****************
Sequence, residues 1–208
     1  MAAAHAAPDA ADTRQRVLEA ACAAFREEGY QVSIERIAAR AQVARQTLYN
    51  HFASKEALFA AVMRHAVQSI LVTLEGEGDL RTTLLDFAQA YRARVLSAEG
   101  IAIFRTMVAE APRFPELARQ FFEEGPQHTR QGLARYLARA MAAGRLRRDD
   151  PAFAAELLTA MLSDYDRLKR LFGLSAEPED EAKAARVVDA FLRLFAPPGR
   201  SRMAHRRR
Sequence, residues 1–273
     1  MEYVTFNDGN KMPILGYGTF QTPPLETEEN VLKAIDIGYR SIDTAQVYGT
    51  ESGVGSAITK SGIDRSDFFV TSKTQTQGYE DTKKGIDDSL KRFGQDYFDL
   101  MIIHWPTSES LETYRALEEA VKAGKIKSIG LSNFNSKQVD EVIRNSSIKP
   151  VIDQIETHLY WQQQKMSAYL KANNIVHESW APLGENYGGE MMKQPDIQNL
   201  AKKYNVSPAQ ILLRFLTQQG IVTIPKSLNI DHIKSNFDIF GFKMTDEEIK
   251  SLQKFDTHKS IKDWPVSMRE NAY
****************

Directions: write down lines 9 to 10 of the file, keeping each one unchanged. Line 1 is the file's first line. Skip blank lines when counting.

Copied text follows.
    51  ESGVGSAITK SGIDRSDFFV TSKTQTQGYE DTKKGIDDSL KRFGQDYFDL
   101  MIIHWPTSES LETYRALEEA VKAGKIKSIG LSNFNSKQVD EVIRNSSIKP